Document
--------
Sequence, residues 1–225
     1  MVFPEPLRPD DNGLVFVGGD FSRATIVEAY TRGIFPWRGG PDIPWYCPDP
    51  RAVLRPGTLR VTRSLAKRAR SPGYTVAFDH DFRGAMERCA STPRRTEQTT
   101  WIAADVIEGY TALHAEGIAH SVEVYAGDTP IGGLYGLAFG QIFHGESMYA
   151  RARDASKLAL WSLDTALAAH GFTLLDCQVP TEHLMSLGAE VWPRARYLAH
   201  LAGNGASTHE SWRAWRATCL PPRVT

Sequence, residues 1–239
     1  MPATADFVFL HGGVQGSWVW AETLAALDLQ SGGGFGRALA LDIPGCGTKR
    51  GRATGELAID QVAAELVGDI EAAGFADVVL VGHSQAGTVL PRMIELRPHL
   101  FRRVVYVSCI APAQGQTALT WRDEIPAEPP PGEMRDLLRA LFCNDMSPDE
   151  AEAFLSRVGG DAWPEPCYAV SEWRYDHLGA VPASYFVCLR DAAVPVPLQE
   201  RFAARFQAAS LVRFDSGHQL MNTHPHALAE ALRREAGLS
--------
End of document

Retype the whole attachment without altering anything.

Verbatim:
Sequence, residues 1–225
     1  MVFPEPLRPD DNGLVFVGGD FSRATIVEAY TRGIFPWRGG PDIPWYCPDP
    51  RAVLRPGTLR VTRSLAKRAR SPGYTVAFDH DFRGAMERCA STPRRTEQTT
   101  WIAADVIEGY TALHAEGIAH SVEVYAGDTP IGGLYGLAFG QIFHGESMYA
   151  RARDASKLAL WSLDTALAAH GFTLLDCQVP TEHLMSLGAE VWPRARYLAH
   201  LAGNGASTHE SWRAWRATCL PPRVT

Sequence, residues 1–239
     1  MPATADFVFL HGGVQGSWVW AETLAALDLQ SGGGFGRALA LDIPGCGTKR
    51  GRATGELAID QVAAELVGDI EAAGFADVVL VGHSQAGTVL PRMIELRPHL
   101  FRRVVYVSCI APAQGQTALT WRDEIPAEPP PGEMRDLLRA LFCNDMSPDE
   151  AEAFLSRVGG DAWPEPCYAV SEWRYDHLGA VPASYFVCLR DAAVPVPLQE
   201  RFAARFQAAS LVRFDSGHQL MNTHPHALAE ALRREAGLS